Raymond Scott Turner

Learn More
The cytoplasmic C-terminus of APP plays critical roles in its cellular trafficking and delivery to proteases. Adaptor proteins with phosphotyrosine-binding (PTB) domains, including those in the X11, Fe65, and c-Jun N-terminal kinase (JNK)-interacting protein (JIP) families, bind specifically to the absolutely conserved -YENPTY- motif in the APP C-terminus(More)
Yuetiva Deming1,*, Jian Xia1,2,*, Yefei Cai1, Jenny Lord1,3, Jorge L. Del-Aguila1, Maria Victoria Fernandez1, David Carrell1, Kathleen Black1, John Budde1, ShengMei Ma1, Benjamin Saef1, Bill Howells1, Sarah Bertelsen1, Matthew Bailey4, Perry G. Ridge4, Alzheimer’s Disease Neuroimaging Initiative (ADNI)¶, David Holtzman5,6,7,8, John C. Morris5,6,7,8, Kelly(More)
Recent studies demonstrated that the antihypertensive drug Valsartan improved spatial and episodic memory in mouse models of Alzheimer's Disease (AD) and human subjects with hypertension. However, the molecular mechanism by which Valsartan can regulate cognitive function is still unknown. Here, we investigated the effect of Valsartan on dendritic spine(More)
Accumulating evidence suggests that Alzheimer's disease (AD) is heterogenous and can be classified into several subtypes. Here, we propose a robust subtyping method for AD based on cortical atrophy patterns and graph theory. We calculated similarities between subjects in their atrophy patterns throughout the whole brain, and clustered subjects with similar(More)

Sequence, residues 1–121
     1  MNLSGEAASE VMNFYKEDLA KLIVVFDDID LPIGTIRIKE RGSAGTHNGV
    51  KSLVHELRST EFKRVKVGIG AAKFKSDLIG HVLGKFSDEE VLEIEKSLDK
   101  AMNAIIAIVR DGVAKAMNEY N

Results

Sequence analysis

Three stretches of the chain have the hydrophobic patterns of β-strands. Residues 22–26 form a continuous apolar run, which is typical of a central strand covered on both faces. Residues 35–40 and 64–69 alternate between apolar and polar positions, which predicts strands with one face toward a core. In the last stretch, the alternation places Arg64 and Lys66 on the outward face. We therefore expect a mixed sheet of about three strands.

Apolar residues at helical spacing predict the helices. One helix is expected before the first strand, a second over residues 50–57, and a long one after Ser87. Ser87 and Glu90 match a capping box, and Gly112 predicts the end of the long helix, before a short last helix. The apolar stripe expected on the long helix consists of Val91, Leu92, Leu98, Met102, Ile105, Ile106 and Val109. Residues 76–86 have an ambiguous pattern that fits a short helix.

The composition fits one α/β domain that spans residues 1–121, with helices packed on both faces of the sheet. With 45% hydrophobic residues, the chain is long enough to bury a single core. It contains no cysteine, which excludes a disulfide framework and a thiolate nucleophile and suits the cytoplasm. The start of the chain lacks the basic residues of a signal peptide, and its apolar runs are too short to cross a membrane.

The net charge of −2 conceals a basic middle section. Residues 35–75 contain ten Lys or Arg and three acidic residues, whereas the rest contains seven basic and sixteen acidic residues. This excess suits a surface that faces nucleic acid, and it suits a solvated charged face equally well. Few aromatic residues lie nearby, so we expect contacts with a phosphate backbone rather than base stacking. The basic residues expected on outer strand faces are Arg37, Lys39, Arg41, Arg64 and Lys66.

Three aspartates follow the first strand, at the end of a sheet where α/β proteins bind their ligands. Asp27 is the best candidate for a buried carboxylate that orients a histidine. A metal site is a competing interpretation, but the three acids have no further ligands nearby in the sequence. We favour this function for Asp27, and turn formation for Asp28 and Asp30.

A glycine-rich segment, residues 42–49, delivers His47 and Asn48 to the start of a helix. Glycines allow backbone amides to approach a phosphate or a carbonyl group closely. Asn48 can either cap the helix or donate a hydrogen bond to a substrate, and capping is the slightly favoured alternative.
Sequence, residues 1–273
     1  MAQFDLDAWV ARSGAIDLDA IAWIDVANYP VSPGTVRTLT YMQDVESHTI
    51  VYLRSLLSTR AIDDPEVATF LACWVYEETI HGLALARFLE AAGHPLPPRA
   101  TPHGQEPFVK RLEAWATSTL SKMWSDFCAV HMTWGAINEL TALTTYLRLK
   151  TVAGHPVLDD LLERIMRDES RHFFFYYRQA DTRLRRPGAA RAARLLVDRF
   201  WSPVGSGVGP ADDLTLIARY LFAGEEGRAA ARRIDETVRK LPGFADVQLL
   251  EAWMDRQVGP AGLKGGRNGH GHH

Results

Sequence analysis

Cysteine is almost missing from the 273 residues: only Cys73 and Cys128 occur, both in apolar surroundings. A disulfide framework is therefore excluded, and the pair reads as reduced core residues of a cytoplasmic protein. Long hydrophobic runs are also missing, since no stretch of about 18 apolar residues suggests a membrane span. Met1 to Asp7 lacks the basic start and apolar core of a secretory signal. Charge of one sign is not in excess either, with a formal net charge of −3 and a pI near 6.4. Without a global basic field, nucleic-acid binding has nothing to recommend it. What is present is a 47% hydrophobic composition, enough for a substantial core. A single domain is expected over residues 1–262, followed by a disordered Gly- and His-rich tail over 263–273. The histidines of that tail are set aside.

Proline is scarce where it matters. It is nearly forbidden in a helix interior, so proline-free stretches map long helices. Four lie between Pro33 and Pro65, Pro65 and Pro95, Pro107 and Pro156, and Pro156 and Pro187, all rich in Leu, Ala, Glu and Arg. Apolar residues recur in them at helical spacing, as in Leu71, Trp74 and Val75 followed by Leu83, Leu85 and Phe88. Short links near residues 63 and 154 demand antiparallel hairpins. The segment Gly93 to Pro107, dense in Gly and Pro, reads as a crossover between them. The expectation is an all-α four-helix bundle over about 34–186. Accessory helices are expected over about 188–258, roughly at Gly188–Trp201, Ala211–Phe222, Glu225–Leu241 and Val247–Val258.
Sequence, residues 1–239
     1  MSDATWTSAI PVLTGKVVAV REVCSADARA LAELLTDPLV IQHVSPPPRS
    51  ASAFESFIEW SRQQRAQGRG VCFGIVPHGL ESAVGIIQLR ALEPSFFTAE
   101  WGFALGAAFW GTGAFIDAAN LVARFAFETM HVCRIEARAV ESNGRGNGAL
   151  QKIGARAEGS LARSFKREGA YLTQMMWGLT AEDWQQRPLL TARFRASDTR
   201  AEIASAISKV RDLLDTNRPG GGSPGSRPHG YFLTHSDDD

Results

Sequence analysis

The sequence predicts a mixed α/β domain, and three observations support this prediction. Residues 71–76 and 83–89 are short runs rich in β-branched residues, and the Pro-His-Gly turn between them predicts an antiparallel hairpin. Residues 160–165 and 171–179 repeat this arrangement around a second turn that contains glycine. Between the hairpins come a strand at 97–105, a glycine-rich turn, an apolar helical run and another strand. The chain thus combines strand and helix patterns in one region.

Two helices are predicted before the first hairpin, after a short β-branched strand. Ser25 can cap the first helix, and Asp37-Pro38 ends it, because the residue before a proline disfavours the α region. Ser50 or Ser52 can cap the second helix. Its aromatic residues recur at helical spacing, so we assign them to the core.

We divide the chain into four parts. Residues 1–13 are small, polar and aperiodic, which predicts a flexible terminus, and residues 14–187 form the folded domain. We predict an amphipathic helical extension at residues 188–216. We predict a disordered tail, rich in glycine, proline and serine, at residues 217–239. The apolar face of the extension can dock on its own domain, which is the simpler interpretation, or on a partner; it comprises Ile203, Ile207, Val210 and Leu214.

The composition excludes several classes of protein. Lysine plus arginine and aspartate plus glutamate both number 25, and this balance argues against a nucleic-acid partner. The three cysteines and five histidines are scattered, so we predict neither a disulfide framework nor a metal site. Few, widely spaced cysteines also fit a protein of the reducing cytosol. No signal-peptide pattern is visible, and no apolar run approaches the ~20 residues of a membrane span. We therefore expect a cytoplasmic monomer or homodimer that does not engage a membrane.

The introduction of mild cognitive impairment (MCI) as a diagnostic category adds to the challenges of diagnosing Alzheimer's Disease (AD). No single marker has been proven to accurately categorize patients into their respective diagnostic groups. Thus, previous studies have attempted to develop fused predictors of AD and MCI. These studies have two main(More)
Phosphatidylinositolbinding clathrin assembly protein (PICALM) gene is one novel genetic player associated with late-onset Alzheimer's disease (LOAD), based on recent genome wide association studies (GWAS). However, how it affects AD occurrence is still unknown. Brain reserve hypothesis highlights the tolerant capacities of brain as a passive means to fight(More)
  • 1